SUBJECTS AND METHODS
Twenty-six (men aged 18-35 years) were recruited by advertisement; 16 participated in the L-ARG dietary supplementation protocol (part 1), and 10 participated in the gluteal biopsy study (part 2). An out-of-pocket expenses fee of AUS$75.00 per session was paid to each subject.
Criteria for study inclusion were nonsmoking status, alcohol intake less than three standard alcohol drinks/day, SBP <140 mm Hg, DBP <90 mm Hg, total plasma cholesterol <5.5 mM, and total plasma triglyceride <2.0 mM. In addition, all volunteers underwent a thorough physical examination and had normal findings on routine hematological and biochemical blood analyses. The study was approved by the Alfred Group of Hospitals Ethics Committee, and written informed consent was obtained from all subjects.
Part 1: Dietary supplementation with L-ARG
Subjects were randomly allocated in a double-blind protocol to receive either L-ARG 20 g/day or placebo for 28 days. Randomization and the preparation of both the active (L-ARG) and placebo oral solutions were performed by the Pharmacy Department, Alfred Hospital, Melbourne, Victoria, Australia. Patients were dispensed their oral solution (14-day supply at a time). The active (L-ARG) solution was arginine HCl (300 g, donated by Ajinomoto, Kawasaki, Japan) added to deionized water (400 ml) and compound hydroxybenzoate solution (5 ml) and made up to 900 ml with either aromatic or orange syrup. The preparation for the placebo oral solution was deionized water (600 ml) and compound hydroxybenzoate solution (5 ml) made up to 900 ml with either aromatic or orange syrup. The purity of L-ARG HCl was 98 +%. Patients were instructed to self-administer 30 ml oral solution (10 g L-ARG) twice daily.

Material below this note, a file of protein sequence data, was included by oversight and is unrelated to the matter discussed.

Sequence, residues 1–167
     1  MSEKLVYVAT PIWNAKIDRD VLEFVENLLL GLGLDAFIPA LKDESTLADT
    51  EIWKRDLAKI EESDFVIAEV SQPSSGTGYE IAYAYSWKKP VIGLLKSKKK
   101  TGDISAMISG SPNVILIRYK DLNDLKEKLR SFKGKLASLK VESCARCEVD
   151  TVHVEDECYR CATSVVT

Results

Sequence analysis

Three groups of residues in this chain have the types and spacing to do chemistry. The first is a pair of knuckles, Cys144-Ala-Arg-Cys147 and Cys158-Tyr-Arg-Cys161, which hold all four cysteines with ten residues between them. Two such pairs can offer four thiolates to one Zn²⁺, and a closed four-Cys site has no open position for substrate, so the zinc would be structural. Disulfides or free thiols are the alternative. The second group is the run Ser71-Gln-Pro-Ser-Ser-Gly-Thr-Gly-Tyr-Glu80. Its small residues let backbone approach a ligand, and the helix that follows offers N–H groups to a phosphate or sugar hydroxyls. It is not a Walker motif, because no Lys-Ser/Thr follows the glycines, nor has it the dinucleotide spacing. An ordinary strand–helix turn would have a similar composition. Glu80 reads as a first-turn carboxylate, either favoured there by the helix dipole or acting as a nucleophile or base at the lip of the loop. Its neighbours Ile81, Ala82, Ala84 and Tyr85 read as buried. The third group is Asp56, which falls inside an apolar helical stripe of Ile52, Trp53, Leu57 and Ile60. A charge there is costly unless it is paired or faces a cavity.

Resting BP and plasma biochemical analysis. Weekly BP measurements were obtained with an automated BP monitor (Critikon Dinamap vital signs monitor). Supine BP measurements were obtained in subjects after a 10-min horizontal rest, and standing BP measurements were obtained after 5 min in the upright position. To the greatest degree possible, BP was measured at the same time on the same day of each week from week 0 (pretreatment) to weeks 1, 2, 3, and 4 (final week of treatment).